No time for real blogging in the foreseeable future.  Too busy with teaching two classes, dissertation drafting, conferences, and the job market.  But here’s a quick run-down of what I do with the two hours between leaving the office and falling asleep, usually while eating leftovers out of tupperware. (Sorry folks, no time to cook means no time to embed links to the movies–you’ll have to google things for yourselves.)

Gran Torino: Lizzie thought it would be about Italian cars, or maybe a heist (based on the title and cover), but soon figured it out. “So it’s like a role-reversed Karate Kid?” Right down to the classic car hand-off at the end.

The Class: As someone who used to have to do classroom observations in a public high school, all I could do was count the missed teachable moments and squirm at the awful relationship between instructor and students.  In this regard, this French flick is far more accurate, if far less watchable, than the typical American dreamy dramatizations of urban schools, from Stand and Deliver to Freedom Writers.

Odds Against Tomorrow: Unless you are into the backstory of “red” Hollywood, there is only one reason to watch this: Harry Belafonte.  The scene when he gets drunk and goes wild on the xylophone is priceless.

Street Thief: Made-for-TV cinema verite on the life of a working thief.  After 12 hours of staring at documents and trying to squeeze out academic prose, it was welcome mindless bliss.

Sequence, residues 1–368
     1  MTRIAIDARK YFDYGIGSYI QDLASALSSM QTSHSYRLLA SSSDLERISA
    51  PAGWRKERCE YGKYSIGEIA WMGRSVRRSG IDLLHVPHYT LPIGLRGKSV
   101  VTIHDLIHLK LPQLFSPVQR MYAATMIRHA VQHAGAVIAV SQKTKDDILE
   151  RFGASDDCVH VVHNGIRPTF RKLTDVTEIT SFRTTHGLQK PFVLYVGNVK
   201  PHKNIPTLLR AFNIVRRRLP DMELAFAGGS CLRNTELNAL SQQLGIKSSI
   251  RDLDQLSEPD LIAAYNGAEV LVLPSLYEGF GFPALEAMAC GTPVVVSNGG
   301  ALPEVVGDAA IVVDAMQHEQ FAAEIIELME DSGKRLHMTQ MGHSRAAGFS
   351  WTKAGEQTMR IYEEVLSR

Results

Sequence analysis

Elevator to the Gallows: I was suckered by the scenery and the music.  If I were less inclined to suspend my disbelief, I think I would have found some holes in the plot.  But the cars, the clothes, the architecture, Miles Davis… my disbelief was distracted.

Pollock: I could watch Marcia Gay Harden all day long.  (I endured every episode of “The Education of Max Bickford” to see her.)  Otherwise, Ed Harris’s depiction of creative genius and drunkenness was overwrought, and the score sorta slaps you in the face over and over.

The Last House on the Left (2009): OK, I thought this remake of Wes Craven’s horror classic might be good either for a scare or for some comic relief.  About 30 minutes in, I started reading Rick Bayless’s interview in Chef’s Story and an article from Gastronomica on class identities and the rise of the American celebrity chef.  From what I could tell, the movie had no unexpected turns or noteworthy performances.

Felon: Yeah, we needed another movie about how scary American prisons are for white dudes.  Especially because of cruel black corrections officers.  Steven Dorff as rough and tumble working class dude?  Val Kilmer as wise prison “veterano?” (His word, not mine.) I amused myself by imagining that this was a sequel to White Man’s Burden.

The State Within: In this UK-made TV series, America can only be saved from evil corporate barons and corrupt political underlings by the crusading British ambassador, played by Jason Isaacs.  Vaguely interesting for insight into how roast-beef-eaters see the US–the Canadian series Intelligence is also revealing in this regard–but the plot and dialogue are pretty weak.  Ben Daniels, however, is highly watchable as boy-kissing intelligence officer Nicholas Brocklehurst (what a brilliant name!).

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Feel free to post recommendations for compelling, but not-too-engaging movies and TV series that can fill the slot between my car pulling into the driveway and my head hitting the pillow.